I originally developed this activity back in 2003 when I first had class access to digital video cameras to go along with my video editing software. I think the inspiration for the activity came from seeing a bad History Channel documentary on Lenin which gave a particularly dismissive account of Lenin as a political theorist. What impressed me about the documentary technique was how the impression of balance and objectivity was achieved by careful editing of different historians saying similar things (in front of bookcases of course) in quick succession. Watching the documentary, I could think of a number of other historians who would disagree with the central thesis of the programme but they did not appear. Documentary, like great narrative history, has to tell a story that is more or less a contrivance of the author/director. With the Schama’s Citizens you know you are getting (only) one historian’s take on the French Revolution and as readers (often fellow historians) we have been trained to analyse the historical and literary techniques Schama employs and to expect that his (usually very highly qualified assertions) are scrupulously annotated. But with Schama’s History of Britain, his purpose, our expectations and the documentary outcomes are very different. The audience of ‘our expectations’ is no longer the ‘producer’ audience of professional/amateur historians but the ‘consumer’ audience of a public that expects to be entertained and that will change channels if they are not. Of course, this has significant implications for the content of the ‘history’ presented and clearly, as in the case of the Lenin documentary, dissenting voices would only complicate and distract from the director’s narrative flow.
I begin this activity by showing a careful selection of different documentaries, with the purpose of identifying different documentary techniques: voice-over, talking head, interview with historian, dramatic reconstruction, comedy, archive footage, animated graphics, music, etc. My initial stimulous material is a ‘rare archive film’ of Hitler in New York after his initial successes during WWII.
It usually takes a while before all the students realize this is a hoax. Even more suprising for the students is the fact that very few of the 20 odd cuts in this film have been computer assisted. The ‘authenticity’ is achieved by judicious editing and a clever voiceover. And this is where the fun begins.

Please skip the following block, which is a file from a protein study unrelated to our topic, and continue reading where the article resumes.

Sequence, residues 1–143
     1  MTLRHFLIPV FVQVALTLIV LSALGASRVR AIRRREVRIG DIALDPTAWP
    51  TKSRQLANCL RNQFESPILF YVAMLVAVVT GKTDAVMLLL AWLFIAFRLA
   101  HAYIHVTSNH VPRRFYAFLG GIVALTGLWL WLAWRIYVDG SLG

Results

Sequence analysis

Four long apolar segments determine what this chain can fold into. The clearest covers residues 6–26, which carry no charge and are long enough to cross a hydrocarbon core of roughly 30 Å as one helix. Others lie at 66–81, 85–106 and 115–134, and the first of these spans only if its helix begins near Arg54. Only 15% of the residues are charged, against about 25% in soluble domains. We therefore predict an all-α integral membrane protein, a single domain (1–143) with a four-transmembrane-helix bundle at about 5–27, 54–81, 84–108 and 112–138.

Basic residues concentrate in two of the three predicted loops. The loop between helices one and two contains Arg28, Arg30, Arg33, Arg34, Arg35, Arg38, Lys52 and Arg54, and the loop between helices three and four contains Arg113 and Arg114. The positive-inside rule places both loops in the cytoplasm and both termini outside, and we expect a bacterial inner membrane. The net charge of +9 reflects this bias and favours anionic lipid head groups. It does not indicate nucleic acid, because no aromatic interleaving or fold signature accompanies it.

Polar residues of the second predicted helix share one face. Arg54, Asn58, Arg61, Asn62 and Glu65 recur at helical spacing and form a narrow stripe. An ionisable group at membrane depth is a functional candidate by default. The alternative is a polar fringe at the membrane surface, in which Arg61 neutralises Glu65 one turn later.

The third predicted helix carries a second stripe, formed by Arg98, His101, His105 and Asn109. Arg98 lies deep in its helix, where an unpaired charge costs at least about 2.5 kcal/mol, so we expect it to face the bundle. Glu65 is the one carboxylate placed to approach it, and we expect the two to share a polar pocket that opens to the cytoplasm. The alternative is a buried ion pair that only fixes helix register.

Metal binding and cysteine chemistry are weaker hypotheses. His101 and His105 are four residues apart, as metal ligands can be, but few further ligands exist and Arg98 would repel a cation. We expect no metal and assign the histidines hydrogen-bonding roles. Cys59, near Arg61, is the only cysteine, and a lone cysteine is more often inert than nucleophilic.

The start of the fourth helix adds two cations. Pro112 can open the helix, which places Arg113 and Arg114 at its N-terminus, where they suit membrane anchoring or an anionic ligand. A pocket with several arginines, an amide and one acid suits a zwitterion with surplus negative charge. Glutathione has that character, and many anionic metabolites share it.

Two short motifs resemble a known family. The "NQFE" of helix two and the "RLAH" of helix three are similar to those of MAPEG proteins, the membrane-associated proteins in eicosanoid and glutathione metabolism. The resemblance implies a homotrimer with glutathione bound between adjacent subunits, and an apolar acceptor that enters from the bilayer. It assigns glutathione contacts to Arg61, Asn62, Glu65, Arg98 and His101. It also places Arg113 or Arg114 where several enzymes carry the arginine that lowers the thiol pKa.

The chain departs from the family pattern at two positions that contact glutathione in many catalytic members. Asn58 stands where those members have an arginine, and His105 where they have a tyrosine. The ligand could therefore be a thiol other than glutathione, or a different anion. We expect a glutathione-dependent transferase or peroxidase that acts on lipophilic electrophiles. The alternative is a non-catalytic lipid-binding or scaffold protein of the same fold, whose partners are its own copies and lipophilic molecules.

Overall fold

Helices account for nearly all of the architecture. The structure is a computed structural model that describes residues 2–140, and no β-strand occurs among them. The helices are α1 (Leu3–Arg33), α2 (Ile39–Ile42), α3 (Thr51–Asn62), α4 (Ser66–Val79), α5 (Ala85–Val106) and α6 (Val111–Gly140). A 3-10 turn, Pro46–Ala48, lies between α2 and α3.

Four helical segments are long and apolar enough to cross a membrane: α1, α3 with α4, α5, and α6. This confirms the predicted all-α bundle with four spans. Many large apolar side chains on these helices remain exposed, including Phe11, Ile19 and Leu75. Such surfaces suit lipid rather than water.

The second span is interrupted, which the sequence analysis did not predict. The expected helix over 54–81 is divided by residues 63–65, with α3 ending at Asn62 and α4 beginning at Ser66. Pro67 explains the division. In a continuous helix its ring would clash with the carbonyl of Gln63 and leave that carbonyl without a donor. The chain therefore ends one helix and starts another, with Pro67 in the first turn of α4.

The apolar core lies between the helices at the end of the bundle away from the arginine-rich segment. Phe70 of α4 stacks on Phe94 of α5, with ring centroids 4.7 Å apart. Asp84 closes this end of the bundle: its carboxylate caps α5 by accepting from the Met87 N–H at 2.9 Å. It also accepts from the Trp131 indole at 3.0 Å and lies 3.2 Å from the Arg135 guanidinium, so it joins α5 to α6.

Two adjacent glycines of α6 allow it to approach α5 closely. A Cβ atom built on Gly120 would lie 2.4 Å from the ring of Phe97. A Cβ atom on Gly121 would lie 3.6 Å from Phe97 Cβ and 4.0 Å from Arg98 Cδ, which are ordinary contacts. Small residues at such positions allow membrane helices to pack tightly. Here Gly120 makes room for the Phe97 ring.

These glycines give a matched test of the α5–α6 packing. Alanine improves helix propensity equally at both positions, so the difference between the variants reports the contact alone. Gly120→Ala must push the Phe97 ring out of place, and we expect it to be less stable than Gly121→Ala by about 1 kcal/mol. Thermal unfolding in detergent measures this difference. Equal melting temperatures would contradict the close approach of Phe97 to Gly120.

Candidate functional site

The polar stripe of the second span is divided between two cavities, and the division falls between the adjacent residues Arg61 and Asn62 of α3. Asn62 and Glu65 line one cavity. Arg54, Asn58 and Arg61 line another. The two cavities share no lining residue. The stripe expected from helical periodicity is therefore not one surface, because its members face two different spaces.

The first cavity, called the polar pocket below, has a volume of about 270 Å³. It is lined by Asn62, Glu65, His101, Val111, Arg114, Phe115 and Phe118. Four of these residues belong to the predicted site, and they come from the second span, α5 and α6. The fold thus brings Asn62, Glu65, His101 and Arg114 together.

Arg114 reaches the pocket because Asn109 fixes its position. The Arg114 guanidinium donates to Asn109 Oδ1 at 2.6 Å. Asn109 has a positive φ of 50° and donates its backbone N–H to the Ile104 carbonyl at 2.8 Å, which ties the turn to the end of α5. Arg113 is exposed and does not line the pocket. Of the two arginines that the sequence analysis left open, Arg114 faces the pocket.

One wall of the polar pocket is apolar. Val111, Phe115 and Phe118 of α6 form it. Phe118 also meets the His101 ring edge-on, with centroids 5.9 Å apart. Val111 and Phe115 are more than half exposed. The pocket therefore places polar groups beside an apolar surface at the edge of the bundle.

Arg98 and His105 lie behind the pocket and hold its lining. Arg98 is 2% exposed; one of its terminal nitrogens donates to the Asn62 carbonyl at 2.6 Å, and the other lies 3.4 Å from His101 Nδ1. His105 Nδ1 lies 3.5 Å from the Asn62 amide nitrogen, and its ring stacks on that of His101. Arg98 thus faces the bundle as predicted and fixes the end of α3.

The most important film I use is something Terry Haydn introduced me to (see Terry at the e-Help conference in Toulouse in 2005) that has the media studies expert Bob Ferguson’s deconstruction of a BBC documentary about Ireland. I have edited the documentary film segment to stand apart from the analysis. I don’t show the analysis until the students have had a chance to reflect on it themselves.
Ireland – A Television History
Bob Ferguson’s interpretation
Aims for students – ‘To make a short (5 minute) documentary about the origins of the Cold War. The documentary must be firmly rooted in one of the three main historiographical traditions: Orthodox, Revisionist or Post-Revisionist. The documentary must use certain prescribed film-making techniques and provided archive film footage. Students will work in groups to research, write and perform the presentation but each individual student will be responsible for a final edited film.’
In other words, this is deliberately bad documentary. The students start with a clear agenda to support one historiographical position. They are forced to use a small selection of pre-edited, muted achive video. This compels them to carefully consider how meaning can be generated by voiceover and music. In addition, they can add one archive video of their choice and as many archive images of their choice. Finally, they must also be filmed as the sound-bite, historian experts reinforcing the general message of the film.
Student Films from 2007
Work from IB history students at the British International School of Bratislava